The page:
• You don’t know about the nature of the amount of the keys (as opposed to a record/js object which has fixed fields), you just know it has some keys (or maybe not?).
  • You don’t know about the nature of the values (as opposed to a record/js object/tuple) beside that combined together they share a same broad type.
  • You don’t know about whether there are additional properties (ordering, 1-1, 1-many, key range & compactness, etc.).

It’s not better that you don’t know your use-case; it’s worse! YAGNI isn’t about rejecting cool concepts; it’s about concretization.

Np. Have fun =)

* Afaik Clojure doesn’t consider itself a FP, and from what I’ve heard, Rich Hickey’s perspective on this is more nuanced, but I digress.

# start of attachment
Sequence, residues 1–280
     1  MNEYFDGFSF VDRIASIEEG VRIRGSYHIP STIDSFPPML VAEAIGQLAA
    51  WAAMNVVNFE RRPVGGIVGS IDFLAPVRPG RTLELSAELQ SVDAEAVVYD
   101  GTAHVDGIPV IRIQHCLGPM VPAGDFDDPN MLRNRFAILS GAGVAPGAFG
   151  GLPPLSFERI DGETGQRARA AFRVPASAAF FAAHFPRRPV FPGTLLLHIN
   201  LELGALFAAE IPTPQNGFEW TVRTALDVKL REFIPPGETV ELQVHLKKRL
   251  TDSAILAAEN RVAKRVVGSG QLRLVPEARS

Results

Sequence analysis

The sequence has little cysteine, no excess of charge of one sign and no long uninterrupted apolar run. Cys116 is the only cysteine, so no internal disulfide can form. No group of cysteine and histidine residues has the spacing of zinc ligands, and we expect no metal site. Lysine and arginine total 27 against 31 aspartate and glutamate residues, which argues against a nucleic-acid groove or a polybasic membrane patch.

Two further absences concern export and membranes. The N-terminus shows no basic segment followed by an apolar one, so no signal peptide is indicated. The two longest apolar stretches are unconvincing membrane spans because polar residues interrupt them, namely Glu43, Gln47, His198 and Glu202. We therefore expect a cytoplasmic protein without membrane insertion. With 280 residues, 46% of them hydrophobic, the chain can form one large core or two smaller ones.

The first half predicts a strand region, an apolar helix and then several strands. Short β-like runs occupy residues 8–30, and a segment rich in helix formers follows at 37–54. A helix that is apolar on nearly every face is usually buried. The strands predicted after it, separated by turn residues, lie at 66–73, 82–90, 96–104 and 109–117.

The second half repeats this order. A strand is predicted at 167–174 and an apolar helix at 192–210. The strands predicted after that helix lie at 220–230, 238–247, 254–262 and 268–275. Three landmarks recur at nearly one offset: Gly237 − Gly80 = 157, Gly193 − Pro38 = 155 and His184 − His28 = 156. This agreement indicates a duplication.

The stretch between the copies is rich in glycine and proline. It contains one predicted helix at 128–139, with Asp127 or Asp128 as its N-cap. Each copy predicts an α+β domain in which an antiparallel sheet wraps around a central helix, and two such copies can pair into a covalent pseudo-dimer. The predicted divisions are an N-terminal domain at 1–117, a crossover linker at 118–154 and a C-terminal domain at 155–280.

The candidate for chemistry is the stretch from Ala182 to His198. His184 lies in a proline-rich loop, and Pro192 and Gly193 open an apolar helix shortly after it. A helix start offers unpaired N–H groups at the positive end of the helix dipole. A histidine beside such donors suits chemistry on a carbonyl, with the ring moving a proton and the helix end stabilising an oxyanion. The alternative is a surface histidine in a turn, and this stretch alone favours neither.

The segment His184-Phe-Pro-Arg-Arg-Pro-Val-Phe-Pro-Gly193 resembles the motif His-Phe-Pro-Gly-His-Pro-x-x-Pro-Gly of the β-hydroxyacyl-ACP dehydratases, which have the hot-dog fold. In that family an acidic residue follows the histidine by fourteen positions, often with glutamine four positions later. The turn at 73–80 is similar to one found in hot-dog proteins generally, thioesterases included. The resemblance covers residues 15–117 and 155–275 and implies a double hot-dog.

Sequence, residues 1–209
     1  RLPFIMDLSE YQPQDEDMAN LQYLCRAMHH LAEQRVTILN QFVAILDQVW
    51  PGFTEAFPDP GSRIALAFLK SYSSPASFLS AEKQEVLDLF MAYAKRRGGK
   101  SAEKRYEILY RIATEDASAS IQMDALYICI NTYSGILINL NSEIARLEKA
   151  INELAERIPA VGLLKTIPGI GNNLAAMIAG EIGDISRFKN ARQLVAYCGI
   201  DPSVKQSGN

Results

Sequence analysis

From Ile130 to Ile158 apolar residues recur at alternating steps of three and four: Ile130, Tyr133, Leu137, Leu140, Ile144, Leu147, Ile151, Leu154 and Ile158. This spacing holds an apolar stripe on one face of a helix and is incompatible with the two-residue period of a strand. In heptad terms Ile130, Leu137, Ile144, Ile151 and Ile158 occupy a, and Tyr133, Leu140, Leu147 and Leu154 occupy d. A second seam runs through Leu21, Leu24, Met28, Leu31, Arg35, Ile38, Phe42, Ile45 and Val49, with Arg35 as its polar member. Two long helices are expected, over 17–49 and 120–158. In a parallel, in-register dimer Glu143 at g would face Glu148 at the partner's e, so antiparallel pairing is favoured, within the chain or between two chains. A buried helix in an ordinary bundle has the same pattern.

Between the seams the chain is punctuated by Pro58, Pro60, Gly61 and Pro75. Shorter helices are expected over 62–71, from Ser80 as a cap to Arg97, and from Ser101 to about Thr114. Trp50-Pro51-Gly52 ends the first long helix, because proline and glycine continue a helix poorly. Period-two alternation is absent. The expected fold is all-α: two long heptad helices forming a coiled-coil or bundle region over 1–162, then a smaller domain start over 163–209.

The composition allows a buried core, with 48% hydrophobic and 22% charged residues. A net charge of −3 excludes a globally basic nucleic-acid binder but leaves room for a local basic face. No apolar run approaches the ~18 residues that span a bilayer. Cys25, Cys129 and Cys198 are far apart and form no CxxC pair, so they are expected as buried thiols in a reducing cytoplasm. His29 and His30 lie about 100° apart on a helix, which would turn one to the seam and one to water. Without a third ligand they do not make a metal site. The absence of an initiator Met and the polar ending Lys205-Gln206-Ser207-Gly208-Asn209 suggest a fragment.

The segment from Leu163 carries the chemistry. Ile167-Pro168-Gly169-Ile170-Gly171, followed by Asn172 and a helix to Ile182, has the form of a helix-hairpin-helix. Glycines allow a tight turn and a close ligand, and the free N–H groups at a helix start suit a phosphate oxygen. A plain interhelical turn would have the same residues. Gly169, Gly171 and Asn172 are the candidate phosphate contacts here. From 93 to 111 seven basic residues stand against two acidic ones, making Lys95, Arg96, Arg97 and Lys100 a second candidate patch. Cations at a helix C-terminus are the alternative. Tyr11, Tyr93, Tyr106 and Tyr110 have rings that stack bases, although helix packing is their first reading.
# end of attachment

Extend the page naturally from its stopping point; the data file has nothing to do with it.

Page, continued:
That is another interesting aspect! I’ve appreciated designing systems around data > pure functions > side-effects > macros > classes and it seems like Rescript is on the same page. It’s become important to me to emphasize the domain and express the actual goals of the system. For instance describing systems like “A consumer user submitted a quote request, the vendor user submitted a bid, the consumer accepted, and now the request is contracted” is much better than “an async ajax request was appended to our event queue, the response was processed by a reducer, and the state tree was updated after hydrating the data”. The first version is something that can be understood by a domain expert to verify that the system does what’s intended, the second version is something likely only the developer that designed it fully understands. The original developer is also the only one who knows how the system relates to the actual purpose. I take it idiomatic Rescript will mitigate those situations to produce more meaningful, and valuable code?